Yeah. Amazing. And we actually got to, uh, meet in Miami for the Miami geek out, so he's actually even better looking in person folks. Um, but that was just a lot of fun. And shout out Shaq, Miami, geek out, the national ones coming up. Ash, you gonna come? You wanna come to Tennessee? I too tight. I have to figure out November's chaos for
Ash Melwani (02:50):
Rabah Rahil (02:51):
It's, it's tough. November's chaos. Q4 is tough, you guys. Q4 is, Q4 is tough. Yeah. Yeah. Q4, Q4 is tough. Um, what was your favorite meme account? What was your favorite influencer account that you were running at the time?
Joel Padron (03:01):
It's like, if you knew this question, you did it. I'm just saying you did it. But <laugh>, My, my biggest and my favorite was I had one of the largest sneaker accounts back then. So it was like sneaker bible. I had like 600,000 followers on there.
Rabah Rahil (03:14):
I wish. Amazing name.
Joel Padron (03:16):
I wish I still had it, because that would've, it was pretty much the biggest account at the time on Twitter. Um, so yeah, that was a lot of fun. It was, it was really big.
Rabah Rahil (03:25):
Amazing. Near and dear to my heart. I'm looking at like a used car right next to sneakers here.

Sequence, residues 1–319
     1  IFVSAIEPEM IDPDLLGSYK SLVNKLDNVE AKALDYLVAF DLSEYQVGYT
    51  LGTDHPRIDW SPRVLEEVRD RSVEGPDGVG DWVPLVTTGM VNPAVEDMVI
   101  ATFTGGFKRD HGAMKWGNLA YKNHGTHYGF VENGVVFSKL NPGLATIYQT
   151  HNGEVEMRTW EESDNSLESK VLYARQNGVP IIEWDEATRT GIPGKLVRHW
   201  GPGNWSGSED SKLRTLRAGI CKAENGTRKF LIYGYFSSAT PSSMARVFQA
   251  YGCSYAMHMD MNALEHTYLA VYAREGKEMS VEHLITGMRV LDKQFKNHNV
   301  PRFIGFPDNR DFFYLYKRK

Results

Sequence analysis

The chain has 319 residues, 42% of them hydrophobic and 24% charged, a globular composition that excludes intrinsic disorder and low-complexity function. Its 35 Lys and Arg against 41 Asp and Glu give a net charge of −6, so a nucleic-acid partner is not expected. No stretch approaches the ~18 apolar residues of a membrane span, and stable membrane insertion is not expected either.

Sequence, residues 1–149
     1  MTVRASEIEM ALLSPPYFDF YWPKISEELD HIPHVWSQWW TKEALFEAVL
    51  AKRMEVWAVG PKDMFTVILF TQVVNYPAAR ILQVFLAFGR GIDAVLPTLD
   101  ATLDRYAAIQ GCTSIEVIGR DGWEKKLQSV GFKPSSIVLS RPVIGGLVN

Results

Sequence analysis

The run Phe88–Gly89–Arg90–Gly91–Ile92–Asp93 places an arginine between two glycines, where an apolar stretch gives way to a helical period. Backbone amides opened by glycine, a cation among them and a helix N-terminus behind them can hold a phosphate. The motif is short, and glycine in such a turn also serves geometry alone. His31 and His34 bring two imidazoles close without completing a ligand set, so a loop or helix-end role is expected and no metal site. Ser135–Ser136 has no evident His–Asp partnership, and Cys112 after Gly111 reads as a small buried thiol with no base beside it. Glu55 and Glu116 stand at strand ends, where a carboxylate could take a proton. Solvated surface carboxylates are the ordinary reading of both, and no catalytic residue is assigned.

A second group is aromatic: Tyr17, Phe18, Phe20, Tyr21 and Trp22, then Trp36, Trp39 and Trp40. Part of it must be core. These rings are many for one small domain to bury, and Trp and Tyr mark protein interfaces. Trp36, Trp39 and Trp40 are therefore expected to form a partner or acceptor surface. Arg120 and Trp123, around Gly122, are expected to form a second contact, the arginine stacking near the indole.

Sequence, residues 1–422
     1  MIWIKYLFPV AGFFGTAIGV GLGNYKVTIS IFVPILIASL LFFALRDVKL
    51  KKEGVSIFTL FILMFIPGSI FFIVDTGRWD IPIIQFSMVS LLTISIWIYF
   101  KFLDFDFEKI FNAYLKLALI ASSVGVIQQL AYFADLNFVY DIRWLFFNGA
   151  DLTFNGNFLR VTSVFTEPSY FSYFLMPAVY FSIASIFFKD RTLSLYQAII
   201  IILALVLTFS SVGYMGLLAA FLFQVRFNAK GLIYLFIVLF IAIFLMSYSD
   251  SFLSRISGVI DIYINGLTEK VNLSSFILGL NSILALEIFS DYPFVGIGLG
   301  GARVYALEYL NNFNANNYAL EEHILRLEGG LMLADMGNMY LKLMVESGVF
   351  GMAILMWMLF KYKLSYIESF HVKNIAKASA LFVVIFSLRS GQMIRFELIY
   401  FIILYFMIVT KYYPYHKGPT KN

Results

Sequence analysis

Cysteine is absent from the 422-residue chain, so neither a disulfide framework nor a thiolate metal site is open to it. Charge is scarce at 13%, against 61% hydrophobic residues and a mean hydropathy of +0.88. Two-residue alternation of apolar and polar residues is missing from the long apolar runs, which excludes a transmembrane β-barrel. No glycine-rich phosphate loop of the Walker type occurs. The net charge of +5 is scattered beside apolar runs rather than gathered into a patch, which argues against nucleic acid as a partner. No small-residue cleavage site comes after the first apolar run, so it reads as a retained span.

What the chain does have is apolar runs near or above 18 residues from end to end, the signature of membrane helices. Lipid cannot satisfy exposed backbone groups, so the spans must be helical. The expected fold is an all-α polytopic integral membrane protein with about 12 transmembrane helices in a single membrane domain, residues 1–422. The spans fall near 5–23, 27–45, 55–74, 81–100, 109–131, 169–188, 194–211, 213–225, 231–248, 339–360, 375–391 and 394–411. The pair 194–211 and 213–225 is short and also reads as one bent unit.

Joel Padron (03:30):
Your wall of sneakers,
Rabah Rahil (03:32):
<laugh>. Yeah, you're gonna love it when you come into town, Ash. It's, it's proper. It's really cool. I found a guy that does custom, custom acrylic boxes. Shout out, look, see designs. Um, really cool dude. But anyways, we won't talk about my shoes. We will talk about, we were jamming a little bit kind of offline before we jumped on the podcast. You have this really cool paradigm that I hadn't heard before. In terms of pre click, post click, you wanna kind of take some people through that?
Joel Padron (03:57):
Yeah, absolutely. So one of the big things that I like to look at first when, like, I'm evaluating a brand auditing it or just a friend looking for advice, and it's, you need to know what problem to solve first. Um, so the way I just split it up is like, are you having trouble acquiring traffic efficiently? Cost efficiently? So that would be kind of a pre click or at click, um, or are you having more of a conversion issue? Uh, so that would be like, post click is, are you getting traffic efficiently, but you're just not converting it well? Um, that's kind of how I filter out the two separate sides of what the focus is. And it's very clear, which, like whenever I audit a brand, it's very clear which direction I need to focus on it. Um, so yeah, each one has its own set of problems.
Rabah Rahil (04:41):
That's a beautiful bifurcation. That's really interesting. And then I'm guessing there's obviously just different tools, tactic strategies for whether you're on side A or side B, right? So if people are coming to the party, but then they're not drinking, talking to people, or nobody wants to come to your fucking party kind of thing.
Joel Padron (04:57):